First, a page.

The back story of Songhoy Blues makes most rock ‘n’ roll tales of trouble, strife and life of danger seem pretty laughable.
Three of the Malian quartet's members had to flee when their hometowns in the northern parts of the country were taken over by Jihadist militias, imposing strict sharia law and banning music (amongst other things). The displaced musicians ended up in capital Bamako, where the four-piece met and started a band, leading to a slot on the Damon Albarn-orchestrated Africa Express compilation Maison Des Jeunes and, eventually, 2015's much-acclaimed debut Music in Exile.
Considering this background, it's striking just how much joy pretty much every note of Résistance contains. Recorded in London, the album puts to use the new points of reference the band's picked up during the tireless international touring that followed Music in Exile's success. By now, it'd be ridiculously restrictive to describe Songhoy Blues as a 'World Music' or 'Desert Blues' outfit, although a hopped-up, urban and electrified form of the latter bubbles underneath much of the record. Put simply, they are a red-hot, open-eared rock 'n' roll band who just happen to originate from Mali and operate in a language other than English.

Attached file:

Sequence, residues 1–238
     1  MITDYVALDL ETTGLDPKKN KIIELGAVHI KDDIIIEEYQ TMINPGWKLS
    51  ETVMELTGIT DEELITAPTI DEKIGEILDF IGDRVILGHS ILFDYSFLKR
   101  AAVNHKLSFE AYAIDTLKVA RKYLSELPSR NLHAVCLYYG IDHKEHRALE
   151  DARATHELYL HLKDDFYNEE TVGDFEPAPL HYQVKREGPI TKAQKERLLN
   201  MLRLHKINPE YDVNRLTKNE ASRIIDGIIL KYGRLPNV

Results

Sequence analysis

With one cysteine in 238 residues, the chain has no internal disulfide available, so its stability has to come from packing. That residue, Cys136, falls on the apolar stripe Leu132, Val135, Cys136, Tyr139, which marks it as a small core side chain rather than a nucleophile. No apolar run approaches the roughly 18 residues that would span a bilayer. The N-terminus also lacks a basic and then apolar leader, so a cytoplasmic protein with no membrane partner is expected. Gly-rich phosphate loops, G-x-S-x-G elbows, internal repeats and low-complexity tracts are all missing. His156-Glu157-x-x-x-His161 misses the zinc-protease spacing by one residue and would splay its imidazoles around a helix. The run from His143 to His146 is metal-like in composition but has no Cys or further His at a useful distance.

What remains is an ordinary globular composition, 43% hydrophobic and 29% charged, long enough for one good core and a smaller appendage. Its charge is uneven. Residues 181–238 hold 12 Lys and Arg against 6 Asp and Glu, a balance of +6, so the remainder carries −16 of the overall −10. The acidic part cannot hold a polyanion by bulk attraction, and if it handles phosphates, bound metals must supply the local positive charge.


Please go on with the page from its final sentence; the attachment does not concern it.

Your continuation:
There are still moments where Songhoy Blues's origins of playing covers of tunes by the late Malian music legend Ali Farka Toure show clearly. Starring a gloriously growly vocal cameo from Iggy Pop, the crackling guitars of "Sahara" sounds like Desert-Blues heroes Tinariwen after a huge pot of inhumanly strong coffee. The rootsy, uncharacteristically languid "Hometown" features a violin pitched halfway between the River Niger delta and Louisiana swampland.
Elsewhere, surprises abound. Opener "Voter" breaks into fat and fuzzy riffs slightly reminiscent of Queens Of The Stone Age, another outfit who've spent time in a desert. The rousing call for unity and positivity on the anthemic closer "One Colour" throws a children's choir in the mix. "Bamako" mixes traditional Malian melodies with synths and tight chicken-scratch funk guitars, whilst the almost uncontrollably high voltage energy of “Dabari” condenses Fela Kuti's loose-limbed, expansive Afrobeat grooves - inspired by classic James Brown - to three sizzling minutes. London grime MC Elf Kid fits in seamlessly within the bright horns of "Mali Nord".
Despite the eclectic genre-hopping, all of Résistance ends up sounding unmistakably and thrillingly like Songhoy Blues.